Just like life is not always easy, dieting is not an easy task either.But being mentally prepared to face challenges will help you achieve your goals. As I pointed out, there are a lot of variables to consider and some of them are hard to improve. A good example of this is how hard it is to get rid of a bad habit (let’s say binge eating when you are stressed). No matter what you do, no matter how hard you really try, that bad habit will always haunt and tempt you. There is no arguing: the best approach is definitely the paleo one. But no matter how good it is, you will still have to fight some battles from time to time. It’s you, not the approach or its guru, that will have to make sure you stay on track. The good news is that, if you manage to win these battles every time they come up, you will be the one getting stronger.

Nutrition Logbooks are in

Posted: September 2, 2010 in Uncategorized

Nutrition Logbooks are in for $20…Check it out

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For those who are looking for a quick fix for their sweet tooth while still staying in the boundaries of the paleo diet, these recipes are perfect. Baked or fried apples are so quick and easy to cook and make for a delicious paleo dessert. Usually these recipes call for extra sugar, but I think the sweetness of the apples is more than enough and the cooking process brings the flavors of the natural sugars in the forefront. The butter also brings some extra richness and make it more filling.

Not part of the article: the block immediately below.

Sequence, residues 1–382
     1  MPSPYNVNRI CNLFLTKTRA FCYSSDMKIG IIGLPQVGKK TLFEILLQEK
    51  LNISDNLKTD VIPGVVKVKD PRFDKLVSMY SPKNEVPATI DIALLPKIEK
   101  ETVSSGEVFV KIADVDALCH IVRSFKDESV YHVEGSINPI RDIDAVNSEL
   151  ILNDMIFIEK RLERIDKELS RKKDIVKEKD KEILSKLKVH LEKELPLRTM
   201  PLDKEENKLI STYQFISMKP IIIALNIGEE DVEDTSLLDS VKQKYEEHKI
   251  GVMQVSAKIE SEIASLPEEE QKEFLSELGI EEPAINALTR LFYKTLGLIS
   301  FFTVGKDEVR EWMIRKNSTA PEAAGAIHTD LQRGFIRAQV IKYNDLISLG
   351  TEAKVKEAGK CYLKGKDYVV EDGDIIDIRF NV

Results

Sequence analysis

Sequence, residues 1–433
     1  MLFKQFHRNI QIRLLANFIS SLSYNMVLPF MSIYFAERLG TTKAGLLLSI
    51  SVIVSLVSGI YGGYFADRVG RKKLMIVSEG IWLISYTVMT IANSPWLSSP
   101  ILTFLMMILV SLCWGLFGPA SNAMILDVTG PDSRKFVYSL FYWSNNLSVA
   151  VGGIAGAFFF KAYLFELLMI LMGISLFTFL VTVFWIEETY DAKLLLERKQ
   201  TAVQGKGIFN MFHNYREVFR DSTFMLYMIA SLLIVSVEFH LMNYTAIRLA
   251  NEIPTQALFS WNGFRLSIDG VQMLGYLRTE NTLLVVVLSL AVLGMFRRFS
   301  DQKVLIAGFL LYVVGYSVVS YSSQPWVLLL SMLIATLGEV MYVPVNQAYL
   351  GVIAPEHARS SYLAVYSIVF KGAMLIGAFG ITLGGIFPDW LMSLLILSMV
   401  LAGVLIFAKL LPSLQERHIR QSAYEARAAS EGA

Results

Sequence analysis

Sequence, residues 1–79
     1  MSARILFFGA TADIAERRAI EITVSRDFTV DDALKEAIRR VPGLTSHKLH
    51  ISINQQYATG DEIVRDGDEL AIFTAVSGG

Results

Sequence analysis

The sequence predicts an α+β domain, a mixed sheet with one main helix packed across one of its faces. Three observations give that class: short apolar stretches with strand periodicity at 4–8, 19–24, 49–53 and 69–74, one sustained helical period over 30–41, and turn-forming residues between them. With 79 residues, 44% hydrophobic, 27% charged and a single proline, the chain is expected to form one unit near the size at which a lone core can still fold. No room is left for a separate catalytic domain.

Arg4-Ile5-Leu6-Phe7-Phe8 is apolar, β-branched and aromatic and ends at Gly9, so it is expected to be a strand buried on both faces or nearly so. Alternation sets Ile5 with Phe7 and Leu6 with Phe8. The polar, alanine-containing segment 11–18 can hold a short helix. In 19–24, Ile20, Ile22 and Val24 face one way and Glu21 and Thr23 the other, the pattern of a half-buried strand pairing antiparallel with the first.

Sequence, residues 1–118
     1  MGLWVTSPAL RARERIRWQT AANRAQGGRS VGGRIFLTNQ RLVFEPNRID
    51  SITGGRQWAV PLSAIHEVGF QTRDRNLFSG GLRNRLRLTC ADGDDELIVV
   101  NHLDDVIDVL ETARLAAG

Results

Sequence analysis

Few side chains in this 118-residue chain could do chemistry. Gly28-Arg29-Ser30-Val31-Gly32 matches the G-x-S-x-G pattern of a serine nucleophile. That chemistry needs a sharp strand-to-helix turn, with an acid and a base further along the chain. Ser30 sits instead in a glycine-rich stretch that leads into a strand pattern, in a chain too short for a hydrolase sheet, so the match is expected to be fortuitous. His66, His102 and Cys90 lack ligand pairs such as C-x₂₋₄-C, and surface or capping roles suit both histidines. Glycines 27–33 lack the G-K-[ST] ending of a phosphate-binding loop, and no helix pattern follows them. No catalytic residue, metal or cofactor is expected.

Serve those with a big dollup of whipped cream of a splash of coconut milk. The hot butter mixing with the cold whipped cream or coconut milk creates a nice texture and balance. I think once you make them you won’t want to have apples any other way anymore.

The two recipes are very similar and call for the same ingredients, but it’s up to you to find your prefered way of having them.

Baked apples with cinnamon and butter


4 apples (tart apples are very good for this)
4 tbsp grass-fed butter (or ghee)
4 tsp cinnamon
Optionally, a bit of fresh nutmeg

Preheat your oven to 350 F.
Core the apples making sure not to go all the way throught and to leave the bottom on the apples.
Stuff 1 tbsp of butter inside each apple.
Sprinkle with the cinnamon and nutmeg.
Bake for about 12 to 18 minutes, until the apples are soft.
Serve and enjoy!
Pan fried apples with cinnamon and butter


4 apples (tart apples are good also)
2 tbsp grass-fed butter (or ghee)
3 tsp cinnamon
Optionally, a bit of fresh nutmeg

Cut the apples in about 1/4″ slices.
Put the butter in a hot pan and let it melt.
Once hot, add the apple slices making sure they don’t overlap, make multiple batches if necessary.
Sprinkle with cinnamon and nutmeg, cover and let cook until soft.
Serve and enjoy!